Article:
German scientists developed record-setting Wi-Fi at 100 Gigabits per second, 100 times faster than the Google Fiber. Setup for the world record of wireless data transmission at 100 gigabits per second: The receiver unit (left) receives the radio signal that is recorded by the oscilloscope (right). Image © KIT
“At a data rate of 100 gigabits per second, it would be possible to send the contents of a blue-ray disk or of five DVDs between two devices by radio within two seconds only.”
For their latest world record, the scientists applied a photonic method to generate the radio signals at the transmitter. After radio transmission, fully integrated electronic circuits were used in the receiver.
In earlier field experiments under the “Millilink” project funded by the BMBF, rates of 40 gigabits per second and transmission distances of more than 1 km were reached.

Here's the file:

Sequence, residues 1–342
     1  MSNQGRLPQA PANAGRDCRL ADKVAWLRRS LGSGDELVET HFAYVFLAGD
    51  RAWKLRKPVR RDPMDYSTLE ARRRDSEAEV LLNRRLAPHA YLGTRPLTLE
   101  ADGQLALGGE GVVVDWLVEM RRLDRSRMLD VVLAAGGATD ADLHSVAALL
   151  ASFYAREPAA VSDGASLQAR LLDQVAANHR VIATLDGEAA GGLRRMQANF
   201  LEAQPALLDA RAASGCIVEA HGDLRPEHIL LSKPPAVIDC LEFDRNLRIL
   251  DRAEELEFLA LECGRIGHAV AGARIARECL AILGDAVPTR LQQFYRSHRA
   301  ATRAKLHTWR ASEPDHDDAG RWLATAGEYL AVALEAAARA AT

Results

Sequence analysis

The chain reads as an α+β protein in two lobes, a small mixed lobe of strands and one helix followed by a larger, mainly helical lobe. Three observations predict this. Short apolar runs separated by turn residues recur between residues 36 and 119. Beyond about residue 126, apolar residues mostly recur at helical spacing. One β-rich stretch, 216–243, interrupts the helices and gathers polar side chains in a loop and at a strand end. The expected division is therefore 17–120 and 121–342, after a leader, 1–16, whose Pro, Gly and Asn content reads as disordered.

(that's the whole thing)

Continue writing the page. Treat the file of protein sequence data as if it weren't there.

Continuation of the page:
Professor Ingmar Kallfass he coordinated the “Millilink” project under a shared professorship funded by the Fraunhofer Institute for Applied Solid State Physics (IAF) and the Karlsruhe Institute of Technology (KIT). He said:
“Our project focused on integration of a broadband radio relay link into fiber-optical systems. For rural areas in particular, this technology represents an inexpensive and flexible alternative to optical fiber networks, whose extension can often not be justified from an economic point of view.”